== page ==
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Form and content

By Owen Paine on Monday April 17, 2006 10:41 AM

Tim D has posted a comment here that itself contains a comment:
I posted a comment on the Guardian's site about Gary Younge's Jesse Jackson article, in which I pointed out the disconnect between the politics of the rank-and-file and those of the office holders. Here was one of the responses to that comment:
I'll avoid the political science jargon, but look up the median voter theorem -- it explains why, in a first-past-the-post system, two-party politics is most likely and the two parties are likely to adopt effectively similar platforms. It has nothing to do with corruption, just with the need to get 50% +1 of the total number of votes cast. It doesn't matter *how much* your supporters actually like your position, just that more of them like your position than that of your opponent. Representatives are often "unrepresentative" of their constitutents; American blacks tend to be social conservatives, uncomfortable with homosexuality and abortion, yet black Congressmen are overwhelmingly in favour of gay and reproductive rights.
Far be it from me, as an atttack trained economist to appear to hold formal vote system models like this at arm's length one only needs to open any "first class" academic journal to see this Euclidean vice controls the better half of my "science", and has, I'd say, since the last quarter of the 19th century.

However the midget with the big cigar in me sees all this algebraic goo gaw about N electoral parties in the Mth method of election as being very looking-glass indeed.

To me, the formalities change no long-run outcomes.

Now long runs get to be long with some fellahs -- using the proper yardstick, the difference between FDR and Hitler are formalities -- but I think it helps me to extract this from the midnight gray of all long run cows:

The formalities do in large part answer this key question -- at what remove from the citizenry is the choice to and of compromise made? Our first-past-poster leads to the ultimate dirty-hands collaboration -- the citizen him/her self is forced by party funnels into preference constraints, i.e. the people vote directly for one or other of these squalid mass checkerboard compromise hack candidates like Hubert Humphrey or Howard Baker pick one please ...now !!!

Yes we end with only two stable parties, because each needs victory right at ground level in 435 districts, so they look toward the center of the district i.e. the middle heap, the unstructured inarticulate morass in quest of 50 plus 1.

But here's my point -- the alternative formalisms still seem to me to put the compromise somewhere, not nowhere. I don't believe the state makes more compromise then it can afford -- err, till it massively breaks down, which thank the gods of social motion always eventually happens.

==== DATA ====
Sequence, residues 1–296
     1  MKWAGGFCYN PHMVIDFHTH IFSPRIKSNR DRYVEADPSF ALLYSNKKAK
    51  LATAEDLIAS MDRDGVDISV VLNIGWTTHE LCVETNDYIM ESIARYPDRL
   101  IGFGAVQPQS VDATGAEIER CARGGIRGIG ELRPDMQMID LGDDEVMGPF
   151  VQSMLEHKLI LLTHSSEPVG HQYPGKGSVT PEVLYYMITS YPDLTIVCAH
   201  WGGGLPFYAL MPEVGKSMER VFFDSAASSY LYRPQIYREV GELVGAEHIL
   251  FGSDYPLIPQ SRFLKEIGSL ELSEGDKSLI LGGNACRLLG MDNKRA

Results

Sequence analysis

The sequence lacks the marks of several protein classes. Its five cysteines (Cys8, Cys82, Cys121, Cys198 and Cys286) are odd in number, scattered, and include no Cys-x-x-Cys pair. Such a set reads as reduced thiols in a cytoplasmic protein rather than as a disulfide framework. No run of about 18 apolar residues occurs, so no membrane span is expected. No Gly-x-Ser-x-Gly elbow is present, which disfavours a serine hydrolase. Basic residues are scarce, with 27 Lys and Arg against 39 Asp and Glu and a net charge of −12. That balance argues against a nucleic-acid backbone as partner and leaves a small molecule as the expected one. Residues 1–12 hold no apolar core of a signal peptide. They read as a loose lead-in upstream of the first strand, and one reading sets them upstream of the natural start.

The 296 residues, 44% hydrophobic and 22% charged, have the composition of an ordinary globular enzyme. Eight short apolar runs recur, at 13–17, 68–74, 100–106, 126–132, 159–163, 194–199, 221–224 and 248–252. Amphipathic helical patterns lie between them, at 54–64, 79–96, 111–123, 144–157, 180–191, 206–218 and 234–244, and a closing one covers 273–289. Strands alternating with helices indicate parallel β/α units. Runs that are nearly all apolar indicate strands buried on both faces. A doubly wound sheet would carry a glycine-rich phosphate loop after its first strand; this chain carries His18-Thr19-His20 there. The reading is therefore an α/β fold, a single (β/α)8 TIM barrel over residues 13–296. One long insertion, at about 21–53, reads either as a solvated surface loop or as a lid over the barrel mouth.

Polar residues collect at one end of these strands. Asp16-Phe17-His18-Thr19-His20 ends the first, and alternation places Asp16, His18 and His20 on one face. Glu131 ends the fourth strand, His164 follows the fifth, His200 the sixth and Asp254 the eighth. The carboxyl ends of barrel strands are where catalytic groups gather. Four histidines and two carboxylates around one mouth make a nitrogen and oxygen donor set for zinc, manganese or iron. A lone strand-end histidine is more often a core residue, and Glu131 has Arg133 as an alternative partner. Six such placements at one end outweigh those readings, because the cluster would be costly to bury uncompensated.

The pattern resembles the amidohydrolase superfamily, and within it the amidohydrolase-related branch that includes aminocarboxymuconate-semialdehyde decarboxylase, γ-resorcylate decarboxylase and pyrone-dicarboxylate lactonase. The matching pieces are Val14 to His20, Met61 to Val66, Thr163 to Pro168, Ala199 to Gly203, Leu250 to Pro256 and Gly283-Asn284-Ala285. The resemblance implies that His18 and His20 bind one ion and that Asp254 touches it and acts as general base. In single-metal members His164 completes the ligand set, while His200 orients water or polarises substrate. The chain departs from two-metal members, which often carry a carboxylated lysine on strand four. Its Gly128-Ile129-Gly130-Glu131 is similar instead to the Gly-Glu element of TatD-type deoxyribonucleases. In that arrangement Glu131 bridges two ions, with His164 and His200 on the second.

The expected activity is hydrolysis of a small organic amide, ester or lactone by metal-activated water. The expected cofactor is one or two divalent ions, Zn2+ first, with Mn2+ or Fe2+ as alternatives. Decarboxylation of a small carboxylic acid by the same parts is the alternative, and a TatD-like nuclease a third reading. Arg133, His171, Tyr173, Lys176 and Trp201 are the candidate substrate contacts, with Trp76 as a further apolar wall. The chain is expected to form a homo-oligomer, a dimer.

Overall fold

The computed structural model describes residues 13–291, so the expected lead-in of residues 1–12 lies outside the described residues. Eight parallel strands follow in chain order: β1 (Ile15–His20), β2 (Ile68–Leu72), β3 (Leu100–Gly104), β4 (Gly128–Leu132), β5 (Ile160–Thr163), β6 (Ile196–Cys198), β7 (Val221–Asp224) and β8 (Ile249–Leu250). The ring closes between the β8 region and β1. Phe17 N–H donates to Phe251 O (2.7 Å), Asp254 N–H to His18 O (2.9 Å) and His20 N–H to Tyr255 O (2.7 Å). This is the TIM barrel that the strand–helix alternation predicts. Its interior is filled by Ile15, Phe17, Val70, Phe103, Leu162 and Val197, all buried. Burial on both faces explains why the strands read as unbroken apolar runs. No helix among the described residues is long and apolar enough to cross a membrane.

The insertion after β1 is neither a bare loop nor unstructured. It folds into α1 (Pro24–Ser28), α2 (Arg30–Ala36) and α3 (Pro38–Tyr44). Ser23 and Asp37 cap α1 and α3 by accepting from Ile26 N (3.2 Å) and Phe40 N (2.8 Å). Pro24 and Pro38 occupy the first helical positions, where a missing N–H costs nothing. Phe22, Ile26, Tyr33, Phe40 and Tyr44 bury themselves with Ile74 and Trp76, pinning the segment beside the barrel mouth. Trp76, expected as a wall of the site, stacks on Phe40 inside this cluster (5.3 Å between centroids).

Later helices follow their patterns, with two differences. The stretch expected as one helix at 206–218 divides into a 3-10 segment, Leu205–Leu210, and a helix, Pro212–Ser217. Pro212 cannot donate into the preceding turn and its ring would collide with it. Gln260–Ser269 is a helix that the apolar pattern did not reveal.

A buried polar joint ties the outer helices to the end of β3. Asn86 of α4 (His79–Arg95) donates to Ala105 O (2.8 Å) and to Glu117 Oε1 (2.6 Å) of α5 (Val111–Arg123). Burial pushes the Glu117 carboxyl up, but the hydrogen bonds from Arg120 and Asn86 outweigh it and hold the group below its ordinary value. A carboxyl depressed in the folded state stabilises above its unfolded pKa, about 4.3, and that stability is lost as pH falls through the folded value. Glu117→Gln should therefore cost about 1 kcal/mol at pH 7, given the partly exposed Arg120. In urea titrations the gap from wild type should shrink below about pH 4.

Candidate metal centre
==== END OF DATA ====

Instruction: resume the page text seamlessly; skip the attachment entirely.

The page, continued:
Take the other extreme -- America's comic side kick "other" and living anachronism Israel, which seems ultimately to rock to the same beat we do, even with a system of proportional representation as far away from ours as possible.

Well ....so much for substance over form, at least at the level of the ultimate state.

Side light on today : speaking of the level of state -- there's our House and Senate. The Madisonian analysis behind our House of Reps never leaves my mind for long -- but it right now reflects one thing clearly: the logrolling, logjam, inherent characteristics of pop elected rep set ups are no way to run an empire. Their motions and actions, left unguided from above, reflect interests in conflict, and the study of their mechanics has a long and noble history. However since the emergence of the security state smart folks have attempted to explain its fifth wheel status.

I like C.W. Mills' take best -- the rep system essentially has been a side show since Pearl Harbor. It's too slow and too befuddled to run an empire. It was always too slow to run a war -- but empire means perpetual war status. In a nut shell, checks and balances can't get us to the launch pad on time for the first strike. It's always been clear, at certain key points where forces counter pose so well the body ceases to produce anything beyond make believe and flatulence, even the most watery of compromises is impossible. The sterling case: slavery. But the security state we've lived under since Pearl Harbor has set Uncle Sam a new task -- run a global empire -- a task that can't wait on Senator Claghorn's glass slippers. So the last 65 years or so, a fast-moving unelected, self-perpetuating self-appointed elite has run the main events above the heads of Congress. Thats what it takes to keep the imperium humming.

The election today that really counts happens but once in four years and is for one office only -- and the race for that office, I contend, is a post-party affair if we admit it to ourselves. The whys of that I'll leave for a later post.

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